read more »

Stalins of Sound, “Tank Tracks” LP

Posted in garage rock, punk, reviews, upcoming album on May 14th, 2014 by Nick – 1 Comment

cover - stalins of soundMore dirge-like than the Spits, less poppy than Devo, and more abrasive than Digital Leather is Stalins of Sound. Their Tank Tracks LP — out next week on Slovenly — took a few listens to really grab me. However, despite the slow build up to acceptance, some tracks immediately interested upon first listen.

“Monkeys Attack” is insistently metronomic in its rhythm, and the guitar just buzzsaws along. I featured it on the podcast a few weeks back, and the more I listen to it, the more I get what Stalins of Sound are trying to do. Granted, it’s pretty indicative of what Tank Tracks sounds like. The earlier tracks follow that pattern, and if you’re only half-listening, it’s difficult to tell some songs from others.
read more »

Hobocop, “Half Man, Half Cop” 10-inch

Posted in garage rock, punk, reviews, upcoming album on May 13th, 2014 by Nick – 2 Comments

cover - hobocopHobocop‘s Half Man, Half Cop is just the right amount of lo-fi. It’s not quite as rudimentary as Apache Dropout, but it’s fuzzy and dirty. The fuzz and distortion works with the music, though, rather than obscuring good songwriting. “Stench of Death” especially benefits from some extra dirt on its sludged-out garage guitar. The whole lo-fi aesthetic gives everything a sense of mystery — is that keyboard or a weird guitar effect? Is that an acoustic bass or a weird guitar effect?

The element of mystery makes the whole Hobocop thing entertainingly strange. You’ll accept the fact that “Fairweather Scum” is remarkably catchy, despite the fact you’ve little-to-no idea what’s being sung. Just lock onto “yeah yeah”s and “whoo-hoo”s whenever possible, and use those as your guideposts to take you from mumbled guesses to enthusiastic and confident sing-along.
read more »

Podcast #113, “Get Fuzzy”

Posted in podcast on May 12th, 2014 by Nick – Be the first to comment

guitar_catThe annual “whoops, I forgot to replace the turntable stylus when it was sounding weird and now it’s busted” podcast. It’s a very specific episode where I have to dig through the hard drive and see what interesting stuff hasn’t yet been raided for a show.

It’s fun, and while I’m fairly certain a few of these tracks have been played in the past, the show turned out really well, so I don’t care. If I can’t repeat the occasional track over the course of 100+ episodes (and nearly five years), I don’t know what I can do for you people.

Podcast #113, “Get Fuzzy”
read more »

“Dangerous Rhythm” a delightfully catty and insightful look at movie musicals

Posted in books, movies, reviews on May 8th, 2014 by Nick – Be the first to comment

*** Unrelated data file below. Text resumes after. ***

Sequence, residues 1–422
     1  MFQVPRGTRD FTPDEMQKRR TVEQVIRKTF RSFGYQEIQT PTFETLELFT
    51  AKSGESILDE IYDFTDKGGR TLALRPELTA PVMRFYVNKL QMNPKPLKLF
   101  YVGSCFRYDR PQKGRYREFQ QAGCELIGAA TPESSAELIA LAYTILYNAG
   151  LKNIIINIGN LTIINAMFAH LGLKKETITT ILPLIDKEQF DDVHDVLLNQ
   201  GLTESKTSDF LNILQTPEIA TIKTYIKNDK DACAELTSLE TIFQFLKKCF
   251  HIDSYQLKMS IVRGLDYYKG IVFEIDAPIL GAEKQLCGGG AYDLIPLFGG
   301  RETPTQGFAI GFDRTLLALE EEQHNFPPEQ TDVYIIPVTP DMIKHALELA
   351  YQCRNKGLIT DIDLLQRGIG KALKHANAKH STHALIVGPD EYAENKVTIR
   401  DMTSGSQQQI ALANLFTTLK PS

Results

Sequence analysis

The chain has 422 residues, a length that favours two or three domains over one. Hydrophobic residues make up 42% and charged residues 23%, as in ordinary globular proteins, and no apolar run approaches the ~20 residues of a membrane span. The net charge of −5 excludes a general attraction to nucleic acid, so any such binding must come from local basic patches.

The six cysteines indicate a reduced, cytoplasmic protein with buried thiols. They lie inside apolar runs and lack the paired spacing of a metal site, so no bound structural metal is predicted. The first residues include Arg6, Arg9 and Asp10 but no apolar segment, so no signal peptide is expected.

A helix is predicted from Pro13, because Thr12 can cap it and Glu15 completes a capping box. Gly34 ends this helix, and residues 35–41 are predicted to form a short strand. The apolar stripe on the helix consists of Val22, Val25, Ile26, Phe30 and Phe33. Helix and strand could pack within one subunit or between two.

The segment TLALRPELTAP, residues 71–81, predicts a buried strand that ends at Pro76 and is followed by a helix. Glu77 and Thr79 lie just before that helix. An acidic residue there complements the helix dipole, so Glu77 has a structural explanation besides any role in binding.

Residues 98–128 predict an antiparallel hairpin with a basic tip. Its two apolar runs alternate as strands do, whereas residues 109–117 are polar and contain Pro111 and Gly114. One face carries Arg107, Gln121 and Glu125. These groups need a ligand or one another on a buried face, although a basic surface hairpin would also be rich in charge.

book cover - dangerous rhythmLet’s just dispense with all attempts at sugarcoating the facts: Richard Barrios‘ new book, Dangerous Rhythm: Why Movie Musicals Matter (out this week from Oxford University Press) is a delightfully catty piece of work. Barrios does an excellent job of being both joyously fun and reflectively considerate of the topic which it is covering.

The organization of Dangerous Rhythm allows Barrios to jump around a bit, but each chapter works pretty much chronologically, meaning the author can use early examples to illuminate more modern work. And, given that each chapter has a starting point somewhere in the beginning of filmdom, Barrios can use prior examples to illuminate the new ones — it sounds more complicated than I’m making it. Suffice it to say, the history covers all the bases, with chapters on the singers, writers, choreographers, directors, race, sexuality, and … whew.
read more »

Muuy Biien, “D.Y.I.” LP

Posted in mp3 on May 5th, 2014 by Nick – 3 Comments

cover - muuy biien dyiI’d never heard of Muuy Biien before I got an offer to have some records sent to me. They were kind of a secondary, last-minute throw in with another record for review. That other record will not get mentioned, because I didn’t care for it at all, buuuuuuuut … D.Y.I. is pretty frickin’ great.

The album title — at least judging from the cover — stands for “Do Yourself In,” and the music is angular and bleak. “Cyclothymia I,” which opens the album, is almost three minutes of droning, chiming guitars. It then goes into this sharp-edged garage rock. It’s evocative of late-’90s indie rock, when everything was taking influence from electronic music, but reproducing it with live instrumentation.
read more »